6.2/10
19,148
150 user 134 critic
A futuristic Brief Encounter (1945), this is a love story in which the romance is doomed by genetic incompatibility.

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4 wins & 10 nominations. See more awards »

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Cast

Cast overview, first billed only:
Tim Robbins ... William Geld
Togo Igawa ... Driver
Nabil Elouahabi ... Vendor
Samantha Morton ... Maria Gonzales
Sarah Backhouse Sarah Backhouse ... Weather Girl
Jonathan Ibbotson Jonathan Ibbotson ... Boxer
Natalie Mendoza ... Sphinx Receptionist
Om Puri ... Bahkland
Emil Marwa ... Mohan
Nina Fog Nina Fog ... Wole
Bruno Lastra ... Bikku
Christopher Simpson ... Paul
Lien Nguyin Lien Nguyin ... Singer in Nightclub
David Fahm David Fahm ... Damian Alekan
Jeanne Balibar ... Sylvie
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Storyline

Code 46 is a love story set in a Brave New World-type near-future where cities are heavily controlled and only accessible through checkpoints. People cannot travel unless they have "papeles" (papers in Spanish; words and sentences in many languages, especially Spanish, French and Chinese are mixed with English in this new world), a special travel permit issued by the totalitarian government, the "Sphinx". Outside these cities, the desert has taken over and shanty towns are jammed with non-citizens - people without IDs forced to live primitive lives. William is a family man who works as a government investigator. When he is sent to Shanghai to solve a case of fake IDs, he meets a woman named Maria. Although he realizes she is behind the forgeries, he cannot help but fall completely in love with her. He hides her crime and they have a wild, passionate affair that can only last as long as his visa: 24 hours. Back home, William is obsessed with the memory of Maria. When the original ... Written by Anonymous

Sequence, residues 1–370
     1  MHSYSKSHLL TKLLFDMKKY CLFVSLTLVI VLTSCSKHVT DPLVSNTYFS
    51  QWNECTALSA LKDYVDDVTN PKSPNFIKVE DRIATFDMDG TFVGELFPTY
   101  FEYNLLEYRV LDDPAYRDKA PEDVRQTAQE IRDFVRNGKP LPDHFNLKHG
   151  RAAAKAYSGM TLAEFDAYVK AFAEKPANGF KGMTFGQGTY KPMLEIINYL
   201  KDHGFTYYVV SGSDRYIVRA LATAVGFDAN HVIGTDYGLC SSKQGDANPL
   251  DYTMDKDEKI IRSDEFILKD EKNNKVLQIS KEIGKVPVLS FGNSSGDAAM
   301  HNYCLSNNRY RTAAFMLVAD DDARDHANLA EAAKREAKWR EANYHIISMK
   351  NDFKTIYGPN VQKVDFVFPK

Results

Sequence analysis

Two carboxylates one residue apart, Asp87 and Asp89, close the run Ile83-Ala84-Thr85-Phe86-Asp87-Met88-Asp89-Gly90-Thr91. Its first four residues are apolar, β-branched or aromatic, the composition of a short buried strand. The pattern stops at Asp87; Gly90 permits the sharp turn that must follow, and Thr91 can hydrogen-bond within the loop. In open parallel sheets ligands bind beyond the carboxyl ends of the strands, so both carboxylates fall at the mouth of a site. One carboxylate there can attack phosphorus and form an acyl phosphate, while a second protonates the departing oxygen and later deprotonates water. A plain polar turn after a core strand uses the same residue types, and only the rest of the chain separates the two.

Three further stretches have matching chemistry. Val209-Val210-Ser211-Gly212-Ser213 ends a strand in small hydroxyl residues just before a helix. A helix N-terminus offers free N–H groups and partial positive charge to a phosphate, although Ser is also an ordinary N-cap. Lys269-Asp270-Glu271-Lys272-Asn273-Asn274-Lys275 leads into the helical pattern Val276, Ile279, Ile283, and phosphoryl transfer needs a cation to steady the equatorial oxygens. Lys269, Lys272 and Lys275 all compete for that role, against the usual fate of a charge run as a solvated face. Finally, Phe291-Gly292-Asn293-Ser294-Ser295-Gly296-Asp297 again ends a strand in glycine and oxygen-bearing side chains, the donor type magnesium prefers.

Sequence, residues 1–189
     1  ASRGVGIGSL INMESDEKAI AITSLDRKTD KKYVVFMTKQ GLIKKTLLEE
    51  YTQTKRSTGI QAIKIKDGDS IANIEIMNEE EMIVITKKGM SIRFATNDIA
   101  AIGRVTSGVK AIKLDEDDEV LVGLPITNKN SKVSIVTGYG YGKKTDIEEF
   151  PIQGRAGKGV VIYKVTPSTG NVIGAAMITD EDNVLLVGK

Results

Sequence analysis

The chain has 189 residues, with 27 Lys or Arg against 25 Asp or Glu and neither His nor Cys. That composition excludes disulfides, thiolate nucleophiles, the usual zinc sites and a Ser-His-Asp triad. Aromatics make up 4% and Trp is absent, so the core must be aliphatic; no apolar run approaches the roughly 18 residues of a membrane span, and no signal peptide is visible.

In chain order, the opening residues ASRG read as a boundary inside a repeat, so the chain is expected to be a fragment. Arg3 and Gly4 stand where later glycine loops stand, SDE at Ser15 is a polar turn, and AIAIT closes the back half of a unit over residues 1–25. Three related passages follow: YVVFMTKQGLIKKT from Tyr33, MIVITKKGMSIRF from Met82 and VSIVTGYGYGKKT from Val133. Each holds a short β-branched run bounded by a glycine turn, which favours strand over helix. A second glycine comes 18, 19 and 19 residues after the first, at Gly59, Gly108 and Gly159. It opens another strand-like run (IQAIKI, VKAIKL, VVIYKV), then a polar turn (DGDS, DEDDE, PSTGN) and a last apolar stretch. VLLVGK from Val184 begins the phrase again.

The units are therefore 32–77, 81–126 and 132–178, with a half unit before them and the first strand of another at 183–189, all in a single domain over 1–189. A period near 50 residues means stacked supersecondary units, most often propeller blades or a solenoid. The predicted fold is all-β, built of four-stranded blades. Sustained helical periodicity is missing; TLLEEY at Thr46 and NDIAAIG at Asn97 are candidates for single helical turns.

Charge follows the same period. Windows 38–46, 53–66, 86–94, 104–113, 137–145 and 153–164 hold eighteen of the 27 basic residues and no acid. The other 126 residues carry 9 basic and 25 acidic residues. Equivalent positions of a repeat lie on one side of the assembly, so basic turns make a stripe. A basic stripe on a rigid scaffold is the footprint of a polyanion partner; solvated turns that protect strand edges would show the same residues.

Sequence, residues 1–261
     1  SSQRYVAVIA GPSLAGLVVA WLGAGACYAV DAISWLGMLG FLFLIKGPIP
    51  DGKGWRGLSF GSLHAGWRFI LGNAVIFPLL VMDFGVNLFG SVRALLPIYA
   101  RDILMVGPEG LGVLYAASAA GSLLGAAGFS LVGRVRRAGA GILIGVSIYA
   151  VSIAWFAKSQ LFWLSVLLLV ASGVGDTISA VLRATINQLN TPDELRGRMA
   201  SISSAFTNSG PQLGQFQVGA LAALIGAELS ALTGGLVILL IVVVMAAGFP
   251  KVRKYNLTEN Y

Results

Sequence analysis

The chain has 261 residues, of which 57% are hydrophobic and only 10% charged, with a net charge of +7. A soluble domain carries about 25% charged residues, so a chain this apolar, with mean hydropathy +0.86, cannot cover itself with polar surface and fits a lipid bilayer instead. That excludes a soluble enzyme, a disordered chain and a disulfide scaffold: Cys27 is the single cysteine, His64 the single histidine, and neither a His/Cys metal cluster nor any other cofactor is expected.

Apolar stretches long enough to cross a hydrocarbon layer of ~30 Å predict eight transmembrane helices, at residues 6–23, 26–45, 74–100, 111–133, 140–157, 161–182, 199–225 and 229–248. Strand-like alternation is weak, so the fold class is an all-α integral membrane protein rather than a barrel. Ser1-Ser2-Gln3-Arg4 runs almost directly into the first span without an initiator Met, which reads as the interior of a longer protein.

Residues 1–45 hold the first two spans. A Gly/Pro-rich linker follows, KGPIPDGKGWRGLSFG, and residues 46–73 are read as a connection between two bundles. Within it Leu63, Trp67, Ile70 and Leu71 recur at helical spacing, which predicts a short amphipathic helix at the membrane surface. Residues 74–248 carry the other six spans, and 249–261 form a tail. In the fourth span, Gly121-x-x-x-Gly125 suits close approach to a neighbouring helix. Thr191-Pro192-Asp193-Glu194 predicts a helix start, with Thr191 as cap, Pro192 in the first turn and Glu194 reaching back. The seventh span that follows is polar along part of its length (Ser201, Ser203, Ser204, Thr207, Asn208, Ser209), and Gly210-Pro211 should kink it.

Plot Summary | Plot Synopsis

Taglines:

In the future...love is a dangerous game. See more »


Motion Picture Rating (MPAA)

Rated R for a scene of sexuality, including brief graphic nudity | See all certifications »

Parents Guide:

View content advisory »
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Details

Country:

UK

Language:

English

Release Date:

17 September 2004 (UK) See more »

Also Known As:

Código 46 See more »

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Box Office

Budget:

$7,500,000 (estimated)

Opening Weekend USA:

$20,170, 8 August 2004, Limited Release

Gross USA:

$197,148, 29 August 2004
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Company Credits

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Technical Specs

Runtime:

Sound Mix:

Dolby Digital

Color:

Color

Aspect Ratio:

2.35 : 1
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Did You Know?

Trivia

The film takes place in 2050. See more »

Goofs

The numerous seeming "errors in geography" are actually an intentional artistic choice. Because the film is set in a future where global cultures have become thoroughly merged, Michael Winterbottom purposely blended footage shot in Shanghai, Dubai and Rajastahn so that Shanghai has a desert outside it, etc. See more »

Quotes

[first lines]